Q&A with Susie Barrie MW & Peter Richards MW

Take an insight into the 2024 Sud de France Top 100 with Susie Barrie MW and Peter Richards MW.

1.The 2024 Sud de France Top 100 competition welcomes you both as new co-chairmen.  Susie you were a judge in past, what changes have made for this year’s competition?

We wanted to overhaul the judging process to make it as fair, accountable and rigorous as possible. Ultimately, we wanted give all the wines the very best chance to shine!

We have an exceptional judging panel so we wanted to maximise their input in the judging process. So we extended the judging to two days, with the first day allocated to these expert panels tasting through and discussing all the wines in a measured and detailed way.

On Day Two, Peter and I returned to re-taste the top-scoring wines to whittle them down to 100, as well as choosing our top awards. This extra oversight and accountability gives the wines every chance to show their best – and our discussions (sometimes heated!) means the top awards are both credible and hard-won.

This year we introduced computers, making it easier to assemble and collate scores and, just as importantly, tasting notes. This gives us rich data on every wine entered, so we can look back at all the entries if needs be, or indeed feed back to producers where it’s useful. This makes the best use of our judges and resources, and sets the competition up well for the future.

 2.What did you think overall of the wines you’ve tasted this year? Were there any styles of wines you were impressed with and what styles/appellations were they?

Many judges commented on the generally high standard across the board. One even asked if we’d pre-selected the wines, the base quality was so good. This reflects really well on the region and the producers who entered.

There were highlights all over the show. Our two top reds encapsulate this nicely – in the end we just couldn’t separate two beautiful wines, one an elegant yet complex Minervois la Liviniere, and another an intense but super refined Cotes Catalanes. So we gave them the top red award jointly.

We’re big fans of drinkability and elegance in wines. So those wines that combine refreshment value with complexity and individuality were the ones that impressed us the most. And there are plenty of those wines in the Top 100 this year.


 3.Why is it important for producers to enter the Sud de France Top 100?

If producers want to sell their wine and be successful in the marketplace, this competition represents an outstanding opportunity to do just that.

This is perhaps the finest, most expert judging panel for southern French wine assembled for any competition.

But that’s not all! Not only do they know their stuff, these are often some of the most influential gatekeepers in the UK market. We’re talking key buyers for the UK, the kind of people who have the real influence in terms of putting wines on list and selling them through. No other competition assembles this kind of panel.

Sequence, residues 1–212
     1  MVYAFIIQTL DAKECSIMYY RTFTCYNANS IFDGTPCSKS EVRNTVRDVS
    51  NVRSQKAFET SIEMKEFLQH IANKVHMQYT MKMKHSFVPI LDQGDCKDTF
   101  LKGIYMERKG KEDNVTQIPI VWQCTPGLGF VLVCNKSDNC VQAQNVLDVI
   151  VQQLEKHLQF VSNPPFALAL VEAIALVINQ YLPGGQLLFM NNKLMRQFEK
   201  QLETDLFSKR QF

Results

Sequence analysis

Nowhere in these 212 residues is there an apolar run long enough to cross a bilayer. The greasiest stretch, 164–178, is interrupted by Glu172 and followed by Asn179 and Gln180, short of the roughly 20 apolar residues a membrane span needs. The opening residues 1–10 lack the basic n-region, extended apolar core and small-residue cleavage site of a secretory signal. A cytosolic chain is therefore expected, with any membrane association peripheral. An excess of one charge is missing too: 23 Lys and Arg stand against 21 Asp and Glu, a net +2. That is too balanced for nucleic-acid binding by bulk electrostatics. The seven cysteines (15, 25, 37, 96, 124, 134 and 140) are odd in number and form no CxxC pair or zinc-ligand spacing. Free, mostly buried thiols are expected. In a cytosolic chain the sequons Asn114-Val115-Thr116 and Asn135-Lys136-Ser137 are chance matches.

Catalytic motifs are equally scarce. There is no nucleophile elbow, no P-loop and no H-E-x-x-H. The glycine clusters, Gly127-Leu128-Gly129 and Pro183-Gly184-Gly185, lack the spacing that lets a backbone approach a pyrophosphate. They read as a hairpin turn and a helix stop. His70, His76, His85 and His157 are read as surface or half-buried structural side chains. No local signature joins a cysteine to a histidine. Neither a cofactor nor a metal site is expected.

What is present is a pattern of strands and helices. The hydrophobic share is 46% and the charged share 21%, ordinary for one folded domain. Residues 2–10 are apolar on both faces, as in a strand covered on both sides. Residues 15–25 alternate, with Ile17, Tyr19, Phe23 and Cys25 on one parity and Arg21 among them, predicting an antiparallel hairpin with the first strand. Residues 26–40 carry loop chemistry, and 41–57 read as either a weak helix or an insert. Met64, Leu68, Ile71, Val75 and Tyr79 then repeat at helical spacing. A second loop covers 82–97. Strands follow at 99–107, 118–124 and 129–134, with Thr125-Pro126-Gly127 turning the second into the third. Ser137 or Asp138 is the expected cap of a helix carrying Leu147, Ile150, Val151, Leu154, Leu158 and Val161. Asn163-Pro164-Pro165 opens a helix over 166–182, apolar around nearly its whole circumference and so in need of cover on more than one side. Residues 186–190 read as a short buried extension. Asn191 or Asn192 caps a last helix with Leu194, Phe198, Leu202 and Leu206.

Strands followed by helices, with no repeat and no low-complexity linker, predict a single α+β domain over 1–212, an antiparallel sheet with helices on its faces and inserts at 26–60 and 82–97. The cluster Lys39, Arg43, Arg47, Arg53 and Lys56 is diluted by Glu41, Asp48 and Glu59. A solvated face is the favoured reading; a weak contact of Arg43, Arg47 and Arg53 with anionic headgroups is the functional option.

Producers have a fantastic opportunity to put their wines in front of receptive gatekeepers. So doing well in this competition isn’t just about the publicity. It can have a real impact on producers’ businesses and future prospects.


4.You have just been on a Languedoc tour with selected producers that reflects the diversity of the region.  What were the notable observations and insights you gained from talking to producers and seeing their wineries?

One major impression was how big an impact the wind can have in the Languedoc! We went in late April but the wind was biting – a reminder of how powerful nature can be here, and that this isn’t simply a land of warm sunny beneficent conditions. We definitely used every item of clothing we brought with us..!

From a wine perspective, we were impressed by how producers are focused on crafting individual, characterful wines that speak of their terroirs and which fit in with their overall aims, including the major one of sustainability.

It’s great to see local and often historic grape varieties being revived and championed too. Things like Piquepoul Noir, Rivairenc, Clairette. Also to see the innovation with things like PIWI varieties being explored.

And then you’ve got exciting innovations like the new Patience category of Picpoul, where there are some outstanding wines – complex, age worthy and very food friendly.

We tried some delicious older vintages too. Really underlining the capacity of this region for making complex, balanced wines that work brilliantly with food and also offer amazing value for money.


5.Achieving sustainability is the priority of many producers right now.  The diversity of the ecosystem in the region means there is no single way to do this.  What did you observe?

That’s exactly right – there’s no single way to be sustainable. It’s such a broad field, and every producer needs to address it in their own way. We found people taking it seriously and taking measures both big and small to address what is a critical issue. There seems to be a very keen awareness of sustainability in Occitanie. Producers recognise not only is it the right thing to do for the planet and their people, but also for a sustainable commercial future.


  1. After your Languedoc trip, what other parts of the Occitanie Region would you like to visit next?

That’s a tough one to answer! This is such a large and diverse region, almost everywhere you look there’s something exciting happening.

That said, we’d love to get stuck into Limoux – there’s so much history and diversity there, from fizz to fine Chardonnay and Pinot Noir. Roussillon is always intriguing (as well as beautiful), from its rugged whites and reds to the brilliant fortifieds. South West France has so many intriguing grape varieties and personalities. Terrasses du Larzac is also intriguing from a quality perspective….


We’d better start clearing our diary!